The jury must also judge whether there really be any such law, (be it good or bad,) as the accused is charged with having transgressed. Unless they judge on this point, the people are liable to have their liberties taken from them by brute force, without any law at all.

The jury must also judge of the laws of evidence. If the government can dictate to a jury the laws of evidence, it can not only shut out any evidence it pleases, tending to vindicate the accused, but it can require that any evidence whatever, that it pleases to offer, be held as conclusive proof of any offence whatever which the government chooses to allege.

It is manifest, therefore, that the jury must judge of and try the whole case, and every part and parcel of the case, free of any dictation or authority on the part of the government. They must judge of the existence of the law; of the true exposition of the law; of the justice of the law; and of the admissibility and weight of all the evidence offered. Otherwise the government will have everything its own way; the jury will be mere puppets in the hands of the government; and the trial will be, in reality, a trial by the government, and not a “trial by the country.” By such trials the government will determine its own powers over the people, instead of the people’s determining their own liberties against the government; and it will be an entire delusion to talk, as for centuries we have done, of the trial by jury, as a “palladium of liberty,” or as any protection to the people against the oppression and tyranny of the government.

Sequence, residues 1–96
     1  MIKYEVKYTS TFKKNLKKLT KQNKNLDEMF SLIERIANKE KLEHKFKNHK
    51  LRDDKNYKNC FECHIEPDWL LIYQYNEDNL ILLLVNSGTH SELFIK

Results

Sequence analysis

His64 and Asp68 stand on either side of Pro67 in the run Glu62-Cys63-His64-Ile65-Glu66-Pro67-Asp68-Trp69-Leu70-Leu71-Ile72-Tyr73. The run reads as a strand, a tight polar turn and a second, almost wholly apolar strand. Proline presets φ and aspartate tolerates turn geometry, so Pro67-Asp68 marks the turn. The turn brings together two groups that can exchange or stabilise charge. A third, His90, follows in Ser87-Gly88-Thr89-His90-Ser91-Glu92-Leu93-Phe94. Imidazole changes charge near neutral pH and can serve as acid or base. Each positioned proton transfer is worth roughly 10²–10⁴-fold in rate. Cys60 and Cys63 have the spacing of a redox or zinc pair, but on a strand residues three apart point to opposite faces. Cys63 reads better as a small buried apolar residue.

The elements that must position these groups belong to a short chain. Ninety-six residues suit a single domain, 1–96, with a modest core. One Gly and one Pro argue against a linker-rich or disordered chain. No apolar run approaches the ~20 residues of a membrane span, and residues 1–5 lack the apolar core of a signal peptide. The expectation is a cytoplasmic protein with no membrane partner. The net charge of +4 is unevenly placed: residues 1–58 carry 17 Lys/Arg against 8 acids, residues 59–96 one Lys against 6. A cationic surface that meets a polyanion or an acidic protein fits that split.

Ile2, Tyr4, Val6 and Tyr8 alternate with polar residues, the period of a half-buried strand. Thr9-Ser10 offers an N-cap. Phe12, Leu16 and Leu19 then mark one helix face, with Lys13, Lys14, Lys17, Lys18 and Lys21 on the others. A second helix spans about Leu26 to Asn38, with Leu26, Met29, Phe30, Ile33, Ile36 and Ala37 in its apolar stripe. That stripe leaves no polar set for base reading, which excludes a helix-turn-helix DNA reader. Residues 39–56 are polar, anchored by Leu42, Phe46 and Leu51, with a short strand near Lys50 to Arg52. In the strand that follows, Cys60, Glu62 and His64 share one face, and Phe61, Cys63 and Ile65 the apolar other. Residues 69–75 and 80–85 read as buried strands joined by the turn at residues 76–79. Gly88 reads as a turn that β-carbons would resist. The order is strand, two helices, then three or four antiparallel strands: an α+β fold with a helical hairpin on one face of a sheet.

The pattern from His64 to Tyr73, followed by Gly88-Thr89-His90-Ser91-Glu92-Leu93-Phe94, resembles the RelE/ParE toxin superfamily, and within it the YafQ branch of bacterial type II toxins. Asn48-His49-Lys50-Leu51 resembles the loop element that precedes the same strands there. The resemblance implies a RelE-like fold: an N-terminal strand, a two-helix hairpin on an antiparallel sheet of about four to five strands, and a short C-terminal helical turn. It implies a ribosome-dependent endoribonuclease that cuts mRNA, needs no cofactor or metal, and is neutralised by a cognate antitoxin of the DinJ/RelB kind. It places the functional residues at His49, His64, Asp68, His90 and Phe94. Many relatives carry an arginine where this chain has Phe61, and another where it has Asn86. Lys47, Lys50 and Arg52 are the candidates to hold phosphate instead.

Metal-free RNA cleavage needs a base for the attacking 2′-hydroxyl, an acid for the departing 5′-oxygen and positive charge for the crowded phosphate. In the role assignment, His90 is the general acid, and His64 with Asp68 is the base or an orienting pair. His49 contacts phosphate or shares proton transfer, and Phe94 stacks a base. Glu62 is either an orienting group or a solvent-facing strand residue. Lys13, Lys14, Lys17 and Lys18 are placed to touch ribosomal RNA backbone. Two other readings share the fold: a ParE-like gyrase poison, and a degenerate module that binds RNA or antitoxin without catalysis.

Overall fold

The question, then, between trial by jury, as thus described, and ‘jury trial’ by the government, is simply a question between liberty and despotism. The authority to judge what are the powers of the government, and what the liberties of the people, must necessarily be vested in one or the other of the parties themselves the government, or the people; because there is no third party to whom it can be entrusted. If the authority be vested in the government, the government is absolute, and the people have no liberties except such as the government sees fit to indulge them with. If, on the other hand, that authority be vested in the people, then the people have all liberties, (as against the government,) except such as substantially the whole people (through a jury) choose to disclaim; and the government can exercise no to power except such as substantially the whole people (through a jury) consent that it may exercise.


The Spirit of Mindvalley Academy

[jwplayer player=”1″ mediaid=”1996″]

I enjoy watching Vishen Lakhiani introduce his spiritual principles in his company called Mindvalley.

I want to propose that we attempt to adapt to introduce spiritual principles in our project as well.

He has managed to fill a very interesting niche for a publisher.



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I think we should be this way on our project. To do things happy people do!

22 Things Happy People Do Differently

bodymindsoulspirit |

22 Things Happy People Do Differently